We think that the larger tectonic move is the cloud. It enables all sorts of improvements across any enterprise, and you have seen the adoption rate and the dramatic changes within the commercial environment. That is tectonic and is moving toward government.

And when you couple those tectonic shifts with the drama around cyber[security] breeches, I think [that] regardless of who is living in the Whitehouse, there is a recognition around the need [for] IT that is transformative for business, society and nations.

What effect do you think either a Clinton or Trump Administration would have on the government IT market?

I think that a President Trump would do a little more investment in DHS (Department of Homeland Security] and I think a President Clinton would have a bit more investment around her stated goal of improving the nation's infrastructure.

But remember, any move is thoughtful and slow when it comes to government. It comes with natural checks and balances. And don't underestimate the time dimension that the budget being presented by president Obama. It will be presented to a new Congress right around the time that the new president swears in and their fingerprints on their first budget doesn't really start until a year from now.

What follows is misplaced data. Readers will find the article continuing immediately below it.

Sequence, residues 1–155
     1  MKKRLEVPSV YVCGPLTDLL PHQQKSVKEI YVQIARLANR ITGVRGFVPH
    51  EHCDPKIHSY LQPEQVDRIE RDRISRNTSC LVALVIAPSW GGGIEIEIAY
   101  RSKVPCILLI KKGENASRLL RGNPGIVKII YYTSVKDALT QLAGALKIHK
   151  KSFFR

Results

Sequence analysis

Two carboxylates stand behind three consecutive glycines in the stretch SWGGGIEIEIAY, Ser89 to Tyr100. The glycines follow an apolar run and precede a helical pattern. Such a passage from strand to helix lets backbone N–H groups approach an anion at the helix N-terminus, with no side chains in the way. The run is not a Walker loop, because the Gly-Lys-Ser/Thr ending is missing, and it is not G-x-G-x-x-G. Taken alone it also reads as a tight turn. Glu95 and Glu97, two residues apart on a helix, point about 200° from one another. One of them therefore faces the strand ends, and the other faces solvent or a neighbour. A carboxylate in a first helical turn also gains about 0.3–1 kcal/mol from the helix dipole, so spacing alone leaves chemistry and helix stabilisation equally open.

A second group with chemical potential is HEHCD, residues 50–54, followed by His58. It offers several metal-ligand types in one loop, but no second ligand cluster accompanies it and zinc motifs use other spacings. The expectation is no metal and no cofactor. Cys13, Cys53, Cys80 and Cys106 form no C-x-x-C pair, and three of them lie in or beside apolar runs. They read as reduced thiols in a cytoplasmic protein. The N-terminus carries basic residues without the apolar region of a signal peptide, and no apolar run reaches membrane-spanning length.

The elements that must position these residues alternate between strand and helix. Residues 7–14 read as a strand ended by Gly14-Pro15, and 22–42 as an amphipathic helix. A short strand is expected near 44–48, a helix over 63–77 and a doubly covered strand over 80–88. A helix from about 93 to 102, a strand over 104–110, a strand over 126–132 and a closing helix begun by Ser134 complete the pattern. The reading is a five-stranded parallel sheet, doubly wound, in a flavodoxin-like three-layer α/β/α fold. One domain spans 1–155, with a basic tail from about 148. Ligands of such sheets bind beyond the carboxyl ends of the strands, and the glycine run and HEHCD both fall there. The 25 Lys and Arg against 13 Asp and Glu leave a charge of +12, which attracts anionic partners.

As you mentioned, the federal government fiscal year is coming to an end. What do you see happening for businesses like yours?

I'm still expecting it will be a fairly standard playbook, where we will have a very busy last quarter of the government year. We are focused more on new awards. I think budgets [have been] more ratably spent over the last few years, so the 'budget flush' at the end of the year has been more muted. But what you really need to look at is the book-to-bill business ratios and I think they will be robust.